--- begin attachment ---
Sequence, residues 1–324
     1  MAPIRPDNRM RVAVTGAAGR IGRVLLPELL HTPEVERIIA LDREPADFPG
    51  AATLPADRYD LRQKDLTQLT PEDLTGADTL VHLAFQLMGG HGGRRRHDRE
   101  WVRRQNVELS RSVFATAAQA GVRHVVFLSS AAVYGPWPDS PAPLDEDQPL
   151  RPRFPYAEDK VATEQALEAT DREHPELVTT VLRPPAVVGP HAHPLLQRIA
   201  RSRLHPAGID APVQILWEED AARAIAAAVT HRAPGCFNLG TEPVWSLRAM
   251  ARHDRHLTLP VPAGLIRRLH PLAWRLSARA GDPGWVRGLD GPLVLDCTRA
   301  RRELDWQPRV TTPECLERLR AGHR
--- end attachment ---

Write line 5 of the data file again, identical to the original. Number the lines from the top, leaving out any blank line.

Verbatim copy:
   151  RPRFPYAEDK VATEQALEAT DREHPELVTT VLRPPAVVGP HAHPLLQRIA